By George Ukadike
THE tourism sector is expected to drive Africa’s economic growth following the African Continental Free Trade Agreement, AfCFTA, through its travel and hospitality subsectors.
This can be attributed to the progressive contribution of the two sectors to the continent’s GDP, from 7.8 per cent in 2016; 8.1 per cent in 2017 to 8.5 per cent (about $194.2 billion) in 2018). This impressive growth made African region the second-fastest-growing tourism industry in the world, with a growth rate of 5.6 per cent in 2018.
In 2018, there were 67 million visitors to Africa on business and leisure. This showed a seven per cent increase from 63 million recorded in 2017 and a significant increase from 58 million in 2016.
This figure is expected to rise in astronomical proportions in the coming years when the AfCFTA becomes operational. There are 55 countries on the African continent with about 1.2 billion people, and with a combined GDP of $2.4 trillion. The expectation is that AfCTA would create the world’s largest free trade area. This will hopefully promote intra-African trade that currently stands at a paltry 16 per cent.
The free movement of people and goods within the continent will expectedly open up new vistas in the tourism industry, creating business opportunities for investors.
A few years ago, Pricewaterhouse Coopers, PwC, predicted that the hospitality sub-sector would be one of the key drivers of economic growth on the continent. The prediction was premised on the fact that an increase in both domestic and international travels would lead to an expansion of hotel chains on the continent, which would, in turn, reinforce the growth potential of the sub-sector.
PwC named five countries in Africa where the hotel sector is going to experience growth, with significant increase in room revenue, namely: South Africa, Nigeria, Mauritius, Tanzania and Kenya. The company expected Nigeria to be the fastest-growing hotel market in Africa over a five year period, ending 2022.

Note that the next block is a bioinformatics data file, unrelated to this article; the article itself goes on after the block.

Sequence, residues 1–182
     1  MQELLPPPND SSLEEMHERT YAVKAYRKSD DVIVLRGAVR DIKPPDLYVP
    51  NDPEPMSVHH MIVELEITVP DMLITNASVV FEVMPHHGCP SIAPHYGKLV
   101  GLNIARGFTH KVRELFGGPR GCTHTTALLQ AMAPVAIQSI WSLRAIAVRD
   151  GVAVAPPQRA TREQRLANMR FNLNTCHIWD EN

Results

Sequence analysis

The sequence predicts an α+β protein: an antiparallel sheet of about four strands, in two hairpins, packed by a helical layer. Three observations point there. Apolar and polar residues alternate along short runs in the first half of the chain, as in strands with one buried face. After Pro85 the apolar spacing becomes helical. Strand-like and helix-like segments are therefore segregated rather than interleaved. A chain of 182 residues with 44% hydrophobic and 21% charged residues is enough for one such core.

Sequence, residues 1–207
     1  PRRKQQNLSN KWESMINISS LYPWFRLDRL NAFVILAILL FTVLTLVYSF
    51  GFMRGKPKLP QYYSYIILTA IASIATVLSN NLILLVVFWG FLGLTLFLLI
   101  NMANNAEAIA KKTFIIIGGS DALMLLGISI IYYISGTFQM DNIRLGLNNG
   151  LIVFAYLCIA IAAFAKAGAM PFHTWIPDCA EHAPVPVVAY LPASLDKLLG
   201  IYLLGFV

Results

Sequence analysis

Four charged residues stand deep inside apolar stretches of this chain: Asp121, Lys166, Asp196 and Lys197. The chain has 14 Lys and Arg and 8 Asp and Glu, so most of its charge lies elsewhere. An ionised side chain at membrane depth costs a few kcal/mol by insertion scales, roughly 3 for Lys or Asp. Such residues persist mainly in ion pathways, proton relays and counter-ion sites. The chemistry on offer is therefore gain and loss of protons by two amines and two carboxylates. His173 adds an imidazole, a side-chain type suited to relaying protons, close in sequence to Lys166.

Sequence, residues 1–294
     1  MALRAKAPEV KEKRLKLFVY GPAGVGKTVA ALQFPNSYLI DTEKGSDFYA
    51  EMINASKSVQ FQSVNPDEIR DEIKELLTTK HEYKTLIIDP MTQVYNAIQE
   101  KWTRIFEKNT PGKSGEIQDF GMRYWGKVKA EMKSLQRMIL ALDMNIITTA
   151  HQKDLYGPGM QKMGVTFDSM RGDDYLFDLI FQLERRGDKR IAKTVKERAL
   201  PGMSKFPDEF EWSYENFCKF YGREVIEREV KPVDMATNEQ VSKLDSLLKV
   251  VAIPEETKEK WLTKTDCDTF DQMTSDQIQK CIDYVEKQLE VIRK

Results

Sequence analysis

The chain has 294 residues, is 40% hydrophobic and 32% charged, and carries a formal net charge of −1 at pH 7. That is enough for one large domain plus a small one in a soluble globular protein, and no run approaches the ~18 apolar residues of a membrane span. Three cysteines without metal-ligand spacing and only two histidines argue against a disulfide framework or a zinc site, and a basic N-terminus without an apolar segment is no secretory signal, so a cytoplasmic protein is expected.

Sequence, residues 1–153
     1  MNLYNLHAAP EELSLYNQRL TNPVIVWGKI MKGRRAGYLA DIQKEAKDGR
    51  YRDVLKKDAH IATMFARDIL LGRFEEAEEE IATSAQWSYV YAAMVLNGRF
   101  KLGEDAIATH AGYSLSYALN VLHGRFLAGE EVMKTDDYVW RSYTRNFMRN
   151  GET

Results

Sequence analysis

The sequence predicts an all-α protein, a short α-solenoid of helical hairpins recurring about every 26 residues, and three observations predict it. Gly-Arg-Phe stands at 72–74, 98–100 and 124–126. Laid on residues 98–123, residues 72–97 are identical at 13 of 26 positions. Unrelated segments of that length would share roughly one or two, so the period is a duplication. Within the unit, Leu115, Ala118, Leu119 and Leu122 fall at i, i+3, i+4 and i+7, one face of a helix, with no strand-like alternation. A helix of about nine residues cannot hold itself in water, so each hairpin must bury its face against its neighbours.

Indeed, the forecast is that Nigeria will become the fastest-growing tourism market on the continent, with a projected 12 per cent compound annual increase. This forecast is predicated on Nigeria’s growing affluence which would make consumer tourism a more important sector. Adventure tourism is becoming more popular and the growing interest in experiences is allowing the country to attract visitors interested in the local culture.
International hotel brands have apparently recognised the potential of the African hospitality industry, which explains why some of them are currently embarking on expansion programmes on the continent. In 2017, the Hyatt hotel chain announced plans to double its presence in Africa by 2020. Marriot started an expansion programme that would increase its portfolio on the continent by 50 per cent by 2023. It is the same year the Hilton group intends to double its presence in Africa, while Radisson will reach the same goal in Francophone countries on the continent by 2022.
A number of African hotel brands are establishing strong footholds on the continent, though without the spread of their international counterparts. The spread has started, all the same. The big ones are predominantly South African-owned, like Tsogo Sun under which are Southern Sun and Sun International, Protea as well as Laico Hotels and Resorts.
The expected growth of the hospitality sub-sector is going to impact on many other sectors in the value chain – the reason it is predicted to be an economic growth driver. Such sectors include agriculture, garment, civil, mechanical and electrical engineering; furniture, manufacturing, etc.
Hotels will rely on local farmers for sources of agricultural produce, including poultry, beef and fish, thereby creating jobs and enhancing those businesses, with the ultimate benefit of improving the quality of lives of people in those sectors. They will also rely on local manufacturers of agro-allied products like fruit juice and dairy as well as alcoholic and non-alcoholic beverages.
Establishment of more hotels means a boost to the garment sector that provides the source for the supply of curtains, table cloths, bedsheets and staff uniforms. There will be something for interior decorators as well. The economic benefits for producers and suppliers in the entire chain are quite enormous.
Job creation is expected to receive a boost in the coming years, a direct fallout of the growth in the tourism industry. In 2018, the industry provided direct and indirect employment for about 24.3 million people in 2018, accounting for approximately 6.7 per cent of total employment on the continent.
The expected boom in the industry is one that will create a healthy competition, which would enable hotels to bring out their best in terms of service delivery. This is an opportunity for highly skilled and specialised workers such as managers, chefs, waiters and porters – the category of workers that may also benefit from regular training by hotels intent on maintaining the highest standards. All these will contribute to improving the quality of service delivery.
The emerging scenario is one that holds high hopes for African hotel brands, though it will also task their ingenuity and resourcefulness in the face of stiff competition from international brands.
Ukadike, a hospitality consultant, wrote from Abuja.